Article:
A wave of food recalls fuels drive for food safety reform

U.S.’s second-largest producer of pistachios, voluntarily recalled two million pounds of the nuts from its 2008 crop. The pistachios had gone to thirty-six companies, either for repackaging for sale or for use as ingredients in such products as ice cream or cake mix, said David Acheson, the FDA’s assistant commissioner for food safety. He said all thirty-six companies had been contacted. “It can be literally a needle in a haystack looking for salmonella…. The good news here is that Kraft did find it; they acted independently and initiated recalls and told us, and we simply followed it up, as we should,” Acheson said. “In many ways, this is how the food safety system is supposed to work…to protect instead of just react,” said George Strait of the FDA’s office of public affairs.

MacVean correctly notes that this will not calls for overhauling the food safety system. Among the changes under consideration in legislation before Congress are giving the FDA mandatory authority to recall products; requirements for food safety systems at companies to minimize the chance of contamination during production; increased inspections; more funding; and a better way to track products around the country. “The reality of the basic system at FDA is that there is no requirement for companies to have in place modern preventive controls,” said Mike Taylor, a professor at the George Washington University School of Public Health and Health Services and a former FDA official. “A lot of companies do it, and Kraft is one of the leaders. They’re doing the kinds of things you’d like the whole system to do.”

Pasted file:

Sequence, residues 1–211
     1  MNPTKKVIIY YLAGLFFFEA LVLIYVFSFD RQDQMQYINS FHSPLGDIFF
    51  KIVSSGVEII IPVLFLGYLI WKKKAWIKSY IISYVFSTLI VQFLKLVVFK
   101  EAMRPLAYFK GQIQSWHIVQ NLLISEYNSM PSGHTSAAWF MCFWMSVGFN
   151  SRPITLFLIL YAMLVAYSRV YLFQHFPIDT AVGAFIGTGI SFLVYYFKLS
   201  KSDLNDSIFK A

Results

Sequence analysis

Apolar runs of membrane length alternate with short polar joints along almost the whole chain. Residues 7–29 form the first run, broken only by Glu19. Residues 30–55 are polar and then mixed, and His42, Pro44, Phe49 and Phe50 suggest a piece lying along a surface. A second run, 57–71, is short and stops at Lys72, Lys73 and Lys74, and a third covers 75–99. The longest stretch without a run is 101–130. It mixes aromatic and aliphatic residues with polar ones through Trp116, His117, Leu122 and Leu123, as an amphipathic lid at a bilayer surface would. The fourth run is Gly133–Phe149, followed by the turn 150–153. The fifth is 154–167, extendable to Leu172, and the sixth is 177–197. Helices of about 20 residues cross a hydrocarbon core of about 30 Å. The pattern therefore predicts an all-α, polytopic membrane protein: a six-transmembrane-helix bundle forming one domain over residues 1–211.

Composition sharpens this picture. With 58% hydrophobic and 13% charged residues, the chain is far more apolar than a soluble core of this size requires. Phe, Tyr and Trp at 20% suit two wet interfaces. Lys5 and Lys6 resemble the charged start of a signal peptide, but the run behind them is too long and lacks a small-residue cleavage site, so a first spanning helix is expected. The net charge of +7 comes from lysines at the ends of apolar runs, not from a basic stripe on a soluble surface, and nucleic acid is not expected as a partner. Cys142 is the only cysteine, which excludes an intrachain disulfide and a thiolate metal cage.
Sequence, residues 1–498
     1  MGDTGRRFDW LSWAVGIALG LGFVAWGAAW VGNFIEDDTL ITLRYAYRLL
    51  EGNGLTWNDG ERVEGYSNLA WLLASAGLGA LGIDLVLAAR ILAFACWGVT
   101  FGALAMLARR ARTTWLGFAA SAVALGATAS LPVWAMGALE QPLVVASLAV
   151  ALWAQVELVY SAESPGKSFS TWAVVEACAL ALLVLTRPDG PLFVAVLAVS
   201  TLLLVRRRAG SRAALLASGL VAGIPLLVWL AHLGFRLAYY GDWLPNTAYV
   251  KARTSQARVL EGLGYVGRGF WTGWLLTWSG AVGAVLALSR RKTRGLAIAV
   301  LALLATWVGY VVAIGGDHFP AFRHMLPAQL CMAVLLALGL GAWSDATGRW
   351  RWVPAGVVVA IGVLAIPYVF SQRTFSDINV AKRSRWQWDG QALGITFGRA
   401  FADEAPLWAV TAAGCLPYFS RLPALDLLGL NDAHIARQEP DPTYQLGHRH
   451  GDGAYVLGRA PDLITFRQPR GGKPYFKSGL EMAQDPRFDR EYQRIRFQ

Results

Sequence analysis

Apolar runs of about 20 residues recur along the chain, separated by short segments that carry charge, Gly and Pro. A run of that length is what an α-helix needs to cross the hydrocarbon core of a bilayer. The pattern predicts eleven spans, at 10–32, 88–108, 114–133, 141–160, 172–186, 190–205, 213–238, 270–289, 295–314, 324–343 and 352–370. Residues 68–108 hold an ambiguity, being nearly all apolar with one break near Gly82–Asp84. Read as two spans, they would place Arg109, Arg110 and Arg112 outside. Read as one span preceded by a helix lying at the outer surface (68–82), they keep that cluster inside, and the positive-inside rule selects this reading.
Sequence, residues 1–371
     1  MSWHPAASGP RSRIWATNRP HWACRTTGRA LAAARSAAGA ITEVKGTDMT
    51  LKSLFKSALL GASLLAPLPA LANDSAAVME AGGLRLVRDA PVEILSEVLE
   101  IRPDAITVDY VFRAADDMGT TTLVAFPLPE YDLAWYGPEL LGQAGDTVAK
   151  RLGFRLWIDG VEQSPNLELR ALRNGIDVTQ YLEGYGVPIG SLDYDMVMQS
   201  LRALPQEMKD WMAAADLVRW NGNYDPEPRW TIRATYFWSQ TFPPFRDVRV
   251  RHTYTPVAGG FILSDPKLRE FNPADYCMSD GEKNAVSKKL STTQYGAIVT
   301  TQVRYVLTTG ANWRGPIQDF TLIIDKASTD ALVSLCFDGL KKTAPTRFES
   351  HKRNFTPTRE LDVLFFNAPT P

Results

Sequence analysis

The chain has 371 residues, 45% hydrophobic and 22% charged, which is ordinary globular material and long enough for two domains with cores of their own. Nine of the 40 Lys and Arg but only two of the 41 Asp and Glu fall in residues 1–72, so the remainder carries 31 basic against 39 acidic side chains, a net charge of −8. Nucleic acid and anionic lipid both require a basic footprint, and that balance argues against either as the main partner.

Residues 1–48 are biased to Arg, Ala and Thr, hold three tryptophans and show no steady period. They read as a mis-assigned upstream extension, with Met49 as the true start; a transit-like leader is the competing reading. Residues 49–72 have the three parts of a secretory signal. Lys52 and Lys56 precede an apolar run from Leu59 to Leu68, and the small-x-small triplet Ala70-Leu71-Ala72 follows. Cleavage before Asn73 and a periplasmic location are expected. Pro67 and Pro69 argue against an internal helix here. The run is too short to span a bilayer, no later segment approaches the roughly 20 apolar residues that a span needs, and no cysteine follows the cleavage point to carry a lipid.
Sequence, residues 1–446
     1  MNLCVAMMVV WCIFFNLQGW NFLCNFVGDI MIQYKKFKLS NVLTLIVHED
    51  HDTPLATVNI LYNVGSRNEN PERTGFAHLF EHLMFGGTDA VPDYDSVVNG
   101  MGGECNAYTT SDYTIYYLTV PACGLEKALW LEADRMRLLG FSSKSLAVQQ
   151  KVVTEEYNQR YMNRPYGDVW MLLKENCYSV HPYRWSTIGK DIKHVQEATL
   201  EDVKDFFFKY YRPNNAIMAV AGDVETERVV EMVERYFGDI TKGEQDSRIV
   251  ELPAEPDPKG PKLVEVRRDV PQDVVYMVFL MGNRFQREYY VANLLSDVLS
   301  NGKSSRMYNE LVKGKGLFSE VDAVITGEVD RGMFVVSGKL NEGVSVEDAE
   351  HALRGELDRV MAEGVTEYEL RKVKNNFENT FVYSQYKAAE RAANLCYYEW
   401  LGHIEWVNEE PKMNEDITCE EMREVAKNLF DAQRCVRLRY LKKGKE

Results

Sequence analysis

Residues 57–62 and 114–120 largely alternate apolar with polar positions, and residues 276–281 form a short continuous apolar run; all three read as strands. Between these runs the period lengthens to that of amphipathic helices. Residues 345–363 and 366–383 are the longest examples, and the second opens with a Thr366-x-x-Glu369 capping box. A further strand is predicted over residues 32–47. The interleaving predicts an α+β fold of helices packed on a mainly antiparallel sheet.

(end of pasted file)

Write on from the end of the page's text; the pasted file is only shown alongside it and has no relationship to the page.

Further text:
There also are calls to split up the FDA and establish a Food Safety Administration. That may be premature, Kathleen Sebelius, the nominee for Health and Human Services secretary, said at her confirmation hearing Wednesday. First, she said, the FDA should be restored “as a world-class regulatory agency.”

Consumer and industry groups support reform, and President Obama devoted a radio address to food safety and has convened a group to study the issue. In addition, a California bill by two Los Angeles Democrats, Assemblyman Mike Feuer and Assembly Speaker Karen Bass, would require food processors in the state to have plans in place to prevent contamination and to respond quickly if it occurred.

The legislation would require periodic testing and that any positive result for a dangerous contaminant be reported within twenty-four hours. Feuer said he was not aware, and expected most consumers did not know, that testing and reporting results were not mandatory. “We shouldn’t be relying on a good actor to protect the health of an entire population,” he said Wednesday.